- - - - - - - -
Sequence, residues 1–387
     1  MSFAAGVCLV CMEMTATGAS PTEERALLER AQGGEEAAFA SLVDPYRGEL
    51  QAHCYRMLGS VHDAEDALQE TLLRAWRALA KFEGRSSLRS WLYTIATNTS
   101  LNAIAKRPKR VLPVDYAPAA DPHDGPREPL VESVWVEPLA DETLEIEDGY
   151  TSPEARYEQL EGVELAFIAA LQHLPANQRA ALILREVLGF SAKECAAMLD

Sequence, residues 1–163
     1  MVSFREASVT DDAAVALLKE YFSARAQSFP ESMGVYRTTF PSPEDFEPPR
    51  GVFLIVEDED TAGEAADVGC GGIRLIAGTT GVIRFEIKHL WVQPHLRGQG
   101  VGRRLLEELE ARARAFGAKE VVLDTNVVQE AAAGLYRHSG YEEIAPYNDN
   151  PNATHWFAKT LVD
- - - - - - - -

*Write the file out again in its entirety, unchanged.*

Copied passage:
Sequence, residues 1–387
     1  MSFAAGVCLV CMEMTATGAS PTEERALLER AQGGEEAAFA SLVDPYRGEL
    51  QAHCYRMLGS VHDAEDALQE TLLRAWRALA KFEGRSSLRS WLYTIATNTS
   101  LNAIAKRPKR VLPVDYAPAA DPHDGPREPL VESVWVEPLA DETLEIEDGY
   151  TSPEARYEQL EGVELAFIAA LQHLPANQRA ALILREVLGF SAKECAAMLD

Sequence, residues 1–163
     1  MVSFREASVT DDAAVALLKE YFSARAQSFP ESMGVYRTTF PSPEDFEPPR
    51  GVFLIVEDED TAGEAADVGC GGIRLIAGTT GVIRFEIKHL WVQPHLRGQG
   101  VGRRLLEELE ARARAFGAKE VVLDTNVVQE AAAGLYRHSG YEEIAPYNDN
   151  PNATHWFAKT LVD